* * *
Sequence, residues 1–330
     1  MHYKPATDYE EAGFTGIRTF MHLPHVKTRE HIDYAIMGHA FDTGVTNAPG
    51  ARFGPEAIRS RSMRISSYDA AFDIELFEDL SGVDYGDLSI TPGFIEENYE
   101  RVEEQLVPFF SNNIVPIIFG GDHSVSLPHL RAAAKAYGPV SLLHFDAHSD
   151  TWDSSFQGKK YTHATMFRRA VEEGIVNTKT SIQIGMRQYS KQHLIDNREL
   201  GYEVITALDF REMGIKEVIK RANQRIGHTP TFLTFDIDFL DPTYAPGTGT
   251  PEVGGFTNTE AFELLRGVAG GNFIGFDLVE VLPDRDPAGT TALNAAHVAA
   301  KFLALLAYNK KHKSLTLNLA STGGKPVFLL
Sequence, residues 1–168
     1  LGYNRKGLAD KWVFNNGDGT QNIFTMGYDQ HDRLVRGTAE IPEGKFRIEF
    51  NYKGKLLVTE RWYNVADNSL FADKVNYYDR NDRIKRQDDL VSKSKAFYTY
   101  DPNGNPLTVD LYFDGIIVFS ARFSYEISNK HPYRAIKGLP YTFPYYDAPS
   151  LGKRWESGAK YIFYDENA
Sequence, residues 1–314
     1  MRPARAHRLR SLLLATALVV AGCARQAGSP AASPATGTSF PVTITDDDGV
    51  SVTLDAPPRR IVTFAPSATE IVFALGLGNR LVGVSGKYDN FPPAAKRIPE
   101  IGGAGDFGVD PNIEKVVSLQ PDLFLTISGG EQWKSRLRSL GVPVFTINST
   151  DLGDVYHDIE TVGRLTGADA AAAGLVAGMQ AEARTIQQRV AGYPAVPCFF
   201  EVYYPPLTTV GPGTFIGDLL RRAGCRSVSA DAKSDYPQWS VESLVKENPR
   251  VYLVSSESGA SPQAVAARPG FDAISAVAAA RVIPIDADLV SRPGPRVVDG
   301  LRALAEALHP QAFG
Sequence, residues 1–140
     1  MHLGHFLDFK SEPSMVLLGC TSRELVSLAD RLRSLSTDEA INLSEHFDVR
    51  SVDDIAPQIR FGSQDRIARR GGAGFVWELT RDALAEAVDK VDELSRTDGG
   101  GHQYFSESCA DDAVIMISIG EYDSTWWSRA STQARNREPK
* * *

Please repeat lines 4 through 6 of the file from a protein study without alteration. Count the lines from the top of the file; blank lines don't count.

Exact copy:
   101  RVEEQLVPFF SNNIVPIIFG GDHSVSLPHL RAAAKAYGPV SLLHFDAHSD
   151  TWDSSFQGKK YTHATMFRRA VEEGIVNTKT SIQIGMRQYS KQHLIDNREL
   201  GYEVITALDF REMGIKEVIK RANQRIGHTP TFLTFDIDFL DPTYAPGTGT